Lately I have had the bright idea of actually sewing clothes that I would wear everyday, be comfortable in, and go together. An outfit.
Crazy radical I know and let’s not talk about how long it took me to get here.
Specifically I wanted something I could wear to pick the kids up at school, wear to go to the grocery store to get the one thing I meant to get last time but didn’t, or meet the mouse exterminator in.
Real life, my real life, clothes.
What I came up with, this time out, was the idea of a comfortable blazer, a sharper replacement for that old sweater with the pills on it that is a current tired day default, and some jeans-like unit.
I am on a sort of jeans/pants sewing tear at the moment, and am highly motivated by the fact I am getting sooo over skinny jeans. The truth is that if you are not yourself skinny you end up with long layers to cover it all and a midriff that feels more compressed than it deserves.
I have been eyeing this unlined knit blazer pattern for a while. It had some of the hallmarks of a good pattern, separate upper and under collar pieces, darts in the sleeves at the elbow to give shape, and larger pockets for the longer view and smaller ones for the shorter view - all indications someone was on the case when this was drafted.
I made the longer view and used some navy and white striped knit pique I found at my local Fabricville. Interestingly I see Fabricville now has an online store so I can link directly to the fabric here so you can have a look.
Here is me in my version:
|My best church lady pose. This was after the first take where my daughter kept saying "Mom you are always talking and gesturing in the pictures. Try to look more normal."|
|Another version where you can see the line of the pants too. Really for an outfit that has the comfort level of sweats I am pretty pleased|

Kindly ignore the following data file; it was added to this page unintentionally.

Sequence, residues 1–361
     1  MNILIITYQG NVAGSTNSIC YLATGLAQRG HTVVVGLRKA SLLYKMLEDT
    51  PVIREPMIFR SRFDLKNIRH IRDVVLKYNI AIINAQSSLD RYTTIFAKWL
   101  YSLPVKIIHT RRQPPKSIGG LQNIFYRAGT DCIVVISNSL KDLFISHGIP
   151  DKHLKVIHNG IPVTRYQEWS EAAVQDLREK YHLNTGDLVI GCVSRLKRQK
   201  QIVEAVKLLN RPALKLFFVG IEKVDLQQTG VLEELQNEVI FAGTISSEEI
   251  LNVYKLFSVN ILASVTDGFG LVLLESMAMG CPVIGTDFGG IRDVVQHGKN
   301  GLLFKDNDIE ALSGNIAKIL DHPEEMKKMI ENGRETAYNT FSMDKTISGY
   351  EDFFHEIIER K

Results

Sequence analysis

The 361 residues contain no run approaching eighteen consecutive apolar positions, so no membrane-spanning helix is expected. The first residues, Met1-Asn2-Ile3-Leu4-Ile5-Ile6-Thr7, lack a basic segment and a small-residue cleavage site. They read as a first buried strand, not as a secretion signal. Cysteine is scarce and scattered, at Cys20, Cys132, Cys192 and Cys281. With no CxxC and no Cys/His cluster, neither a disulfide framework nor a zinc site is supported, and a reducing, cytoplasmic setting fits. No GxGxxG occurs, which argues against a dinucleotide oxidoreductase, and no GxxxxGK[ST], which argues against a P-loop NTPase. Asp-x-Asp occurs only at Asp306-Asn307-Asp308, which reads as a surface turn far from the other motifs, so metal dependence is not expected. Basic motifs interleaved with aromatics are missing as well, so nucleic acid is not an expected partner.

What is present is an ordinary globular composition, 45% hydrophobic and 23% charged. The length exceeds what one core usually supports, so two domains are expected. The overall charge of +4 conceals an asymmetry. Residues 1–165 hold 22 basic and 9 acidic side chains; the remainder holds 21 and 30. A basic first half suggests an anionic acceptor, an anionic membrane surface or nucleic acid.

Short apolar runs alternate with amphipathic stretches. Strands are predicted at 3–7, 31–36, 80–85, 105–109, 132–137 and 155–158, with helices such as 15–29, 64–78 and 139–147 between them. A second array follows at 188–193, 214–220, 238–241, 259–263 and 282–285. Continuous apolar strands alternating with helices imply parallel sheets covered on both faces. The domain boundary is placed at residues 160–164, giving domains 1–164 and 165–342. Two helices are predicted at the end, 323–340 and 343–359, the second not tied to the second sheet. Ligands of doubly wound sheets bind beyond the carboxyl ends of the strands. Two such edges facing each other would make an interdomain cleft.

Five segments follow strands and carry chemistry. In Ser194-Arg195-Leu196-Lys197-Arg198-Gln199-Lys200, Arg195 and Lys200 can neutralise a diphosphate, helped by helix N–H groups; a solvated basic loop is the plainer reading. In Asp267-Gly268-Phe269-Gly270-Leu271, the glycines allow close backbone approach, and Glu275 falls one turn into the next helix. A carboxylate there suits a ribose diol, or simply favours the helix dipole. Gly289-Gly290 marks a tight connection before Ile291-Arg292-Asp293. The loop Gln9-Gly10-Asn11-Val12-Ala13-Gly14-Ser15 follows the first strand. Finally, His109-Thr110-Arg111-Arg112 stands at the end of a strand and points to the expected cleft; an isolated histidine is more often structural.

I am so happy with this pattern I am definitely going to be making it again. A simple classic but without all the work of tailoring and ten times less restricting to wear.
I made the size 14 as is with some construction changes.
- To add stability to the knit I applied a fusible knit interfacing to both the upper and under collar, the facings of course, and also to the sleeve and jacket hem allowances so they would hang better.
- Because top stitching a knit pocket onto a knit fabric can be tricky to hold still, I interfaced the pocket with a woven sew-in interfacing. I actually made a sort of a pillow case bag, right sides together, woven interfacing to knit, with a small opening in the top hem for turning rather than turning under the raw edges etc. on the pocket. I hate having to fuss doing that and find just lining the pocket and turning it so much easier. Here is how that looked in construction:
- To avoid fish lips buttonholes that look like this:
I made corded buttonholes, which simply are buttonholes made by hooking a heavier thread like a buttonhole twist or pearl cotton over the back of the buttonhole foot and letting the machine stitch over the cord.
When the buttonhole is done simply pull on the free ends of cord, the back loop will be pulled under the bar tack at one end and hidden, and pull the free ends to the wrong side, knot and tie off.
A buttonhole made like this will not stretch out of shape:
And finally, I have to share the buttons. Love it when they match. It is just luck but I take credit for it: